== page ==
You are here

Preservation Of Platelets For Hemostatic And Wound Healing Bandages

Award Information
Agency: Department of Defense
Branch: Army
Contract: W81XWH-05-C-0164
Agency Tracking Number: A054-027-0345
Amount: $100,000.00
Phase: Phase I
Program: STTR
Solicitation Topic Code: A05-T027
Solicitation Number: N/A
Timeline
Solicitation Year: 2005
Award Year: 2005
Award Start Date (Proposal Award Date): 2005-08-12
Award End Date (Contract End Date): 2006-02-14
Small Business Information
4050 Sorrento Valley Blvd, Suite L
San Diego, CA 92121
United States
DUNS: 129102708
HUBZone Owned: No
Woman Owned: No
Socially and Economically Disadvantaged: No
Principal Investigator
 Andrew Frelinger III
 Research Associate Professor
 (508) 856-6771
 andrew.frelinger@umassmed.edu
Business Contact
 Victor Bronshtein
Title: President & CSO
Phone: (858) 245-9323
Email: victorb@uptsd.com
Research Institution
 UNIV. OF MASSACHUSETTS MED SCH
 Patricia McNulty
 
55 Lake Avenue North
Worcester, MA 01655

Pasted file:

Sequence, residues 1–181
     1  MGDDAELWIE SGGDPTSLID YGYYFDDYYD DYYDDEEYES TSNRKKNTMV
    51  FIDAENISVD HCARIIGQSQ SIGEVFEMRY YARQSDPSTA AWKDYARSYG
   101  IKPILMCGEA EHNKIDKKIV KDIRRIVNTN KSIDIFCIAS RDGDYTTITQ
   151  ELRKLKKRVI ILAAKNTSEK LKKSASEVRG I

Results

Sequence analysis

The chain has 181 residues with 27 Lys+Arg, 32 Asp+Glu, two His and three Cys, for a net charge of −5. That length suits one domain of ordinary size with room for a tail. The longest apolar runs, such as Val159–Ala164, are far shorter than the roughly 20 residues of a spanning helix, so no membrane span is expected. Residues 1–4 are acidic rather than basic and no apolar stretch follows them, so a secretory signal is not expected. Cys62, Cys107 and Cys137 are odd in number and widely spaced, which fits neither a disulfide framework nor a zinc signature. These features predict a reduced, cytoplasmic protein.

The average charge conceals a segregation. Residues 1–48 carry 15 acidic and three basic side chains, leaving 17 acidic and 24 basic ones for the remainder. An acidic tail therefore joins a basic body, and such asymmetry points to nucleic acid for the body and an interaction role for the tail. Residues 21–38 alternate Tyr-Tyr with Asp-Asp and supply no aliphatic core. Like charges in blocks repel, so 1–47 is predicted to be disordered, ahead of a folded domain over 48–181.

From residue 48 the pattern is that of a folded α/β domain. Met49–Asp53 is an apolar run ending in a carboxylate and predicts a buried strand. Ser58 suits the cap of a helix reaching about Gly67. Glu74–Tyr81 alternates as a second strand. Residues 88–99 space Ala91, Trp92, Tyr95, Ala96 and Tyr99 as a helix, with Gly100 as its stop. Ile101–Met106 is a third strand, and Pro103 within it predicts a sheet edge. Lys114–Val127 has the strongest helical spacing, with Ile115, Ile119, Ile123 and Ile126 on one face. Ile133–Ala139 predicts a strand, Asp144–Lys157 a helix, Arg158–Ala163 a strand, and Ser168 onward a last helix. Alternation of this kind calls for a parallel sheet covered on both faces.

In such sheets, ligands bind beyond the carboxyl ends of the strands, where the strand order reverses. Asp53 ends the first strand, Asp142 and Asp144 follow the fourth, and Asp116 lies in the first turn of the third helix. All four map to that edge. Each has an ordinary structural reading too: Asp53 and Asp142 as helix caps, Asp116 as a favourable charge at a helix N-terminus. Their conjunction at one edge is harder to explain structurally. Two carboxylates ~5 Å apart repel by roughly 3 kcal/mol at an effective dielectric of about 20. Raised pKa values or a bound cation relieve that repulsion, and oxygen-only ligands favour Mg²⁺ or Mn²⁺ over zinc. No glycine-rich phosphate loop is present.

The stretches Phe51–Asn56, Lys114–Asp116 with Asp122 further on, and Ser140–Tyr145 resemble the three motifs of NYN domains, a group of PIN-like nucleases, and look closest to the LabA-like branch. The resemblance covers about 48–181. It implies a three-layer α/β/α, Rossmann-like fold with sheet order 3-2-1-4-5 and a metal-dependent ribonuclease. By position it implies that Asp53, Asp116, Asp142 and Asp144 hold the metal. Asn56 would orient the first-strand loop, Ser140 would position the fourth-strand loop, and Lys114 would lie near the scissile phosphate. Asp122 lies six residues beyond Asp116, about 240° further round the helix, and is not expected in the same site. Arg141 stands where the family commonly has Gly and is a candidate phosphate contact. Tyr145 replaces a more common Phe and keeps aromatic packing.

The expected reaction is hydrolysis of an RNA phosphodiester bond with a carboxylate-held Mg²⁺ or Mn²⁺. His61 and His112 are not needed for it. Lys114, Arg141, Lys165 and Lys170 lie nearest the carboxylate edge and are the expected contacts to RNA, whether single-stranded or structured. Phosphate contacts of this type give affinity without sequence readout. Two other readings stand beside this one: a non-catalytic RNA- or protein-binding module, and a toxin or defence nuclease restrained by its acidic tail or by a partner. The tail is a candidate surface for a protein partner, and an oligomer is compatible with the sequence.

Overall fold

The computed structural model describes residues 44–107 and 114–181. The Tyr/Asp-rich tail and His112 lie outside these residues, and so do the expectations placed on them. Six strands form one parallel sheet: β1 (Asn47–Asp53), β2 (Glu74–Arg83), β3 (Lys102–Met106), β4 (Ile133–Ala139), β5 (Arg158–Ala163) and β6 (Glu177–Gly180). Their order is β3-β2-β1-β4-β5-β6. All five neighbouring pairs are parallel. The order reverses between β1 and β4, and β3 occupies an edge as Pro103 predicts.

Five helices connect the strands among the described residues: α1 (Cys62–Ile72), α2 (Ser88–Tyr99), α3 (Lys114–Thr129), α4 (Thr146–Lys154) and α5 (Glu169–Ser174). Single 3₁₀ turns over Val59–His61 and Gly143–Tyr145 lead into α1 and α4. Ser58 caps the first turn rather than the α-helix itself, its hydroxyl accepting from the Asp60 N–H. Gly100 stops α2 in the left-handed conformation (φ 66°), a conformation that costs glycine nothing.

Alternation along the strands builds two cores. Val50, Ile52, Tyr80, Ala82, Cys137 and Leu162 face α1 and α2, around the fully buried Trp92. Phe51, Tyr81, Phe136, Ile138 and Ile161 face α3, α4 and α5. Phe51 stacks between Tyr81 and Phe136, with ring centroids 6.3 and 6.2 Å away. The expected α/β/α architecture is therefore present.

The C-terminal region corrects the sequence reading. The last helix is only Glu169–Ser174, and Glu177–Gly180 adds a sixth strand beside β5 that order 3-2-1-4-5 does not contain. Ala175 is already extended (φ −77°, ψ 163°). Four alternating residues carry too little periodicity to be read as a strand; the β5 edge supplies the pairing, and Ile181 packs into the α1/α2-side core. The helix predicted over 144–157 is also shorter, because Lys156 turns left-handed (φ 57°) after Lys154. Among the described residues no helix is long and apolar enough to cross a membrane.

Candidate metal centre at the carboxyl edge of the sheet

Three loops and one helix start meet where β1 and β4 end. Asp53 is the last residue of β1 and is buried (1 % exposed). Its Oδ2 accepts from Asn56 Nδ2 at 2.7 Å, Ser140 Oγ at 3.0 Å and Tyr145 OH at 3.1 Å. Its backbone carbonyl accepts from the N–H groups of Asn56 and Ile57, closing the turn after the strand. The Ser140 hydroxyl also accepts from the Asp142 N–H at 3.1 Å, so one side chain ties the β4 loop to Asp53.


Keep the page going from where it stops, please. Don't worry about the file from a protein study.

United States

 (508) 856-2119
 Nonprofit College or University
Abstract

Major, uncontrolled bleeding as a result of battlefield injuries or civilian trauma often results in death. Controlling this bleeding, and simultaneously providing a suitable matrix and growth factors for wound healing could prevent some of these deaths and speed recovery. Platelets contribute to hemostasis and wound healing by participating in clot generation and the generation of clot promoting enzymes and by releasing beneficial growth factors. The overall goal of this project is to provide a wound dressing that incorporates a dried form of platelets to take advantage of these properties. Drying processes to preserve platelets at ambient temperatuires have advanced, however a significant barrier to the production of high quality dried platelets is the tendency for platelets to become refractory to activation while being prepared for drying and subsequent vitrification. This proposal addresses the means needed to stabilize platelets during isolation and preservation, so that when rehydrated by moisture at the wound site, they respond by normal activation mechanisms with an appropriate level of pro-coagulant activity and growth factor release. A key feature of maintaining the platelets' response to normal activation mechanisms is that it will provide a reservoir of platelet-derived growth factors to be delivered to the wound over time.

* Information listed above is at the time of submission. *

US Flag An Official Website of the United States Government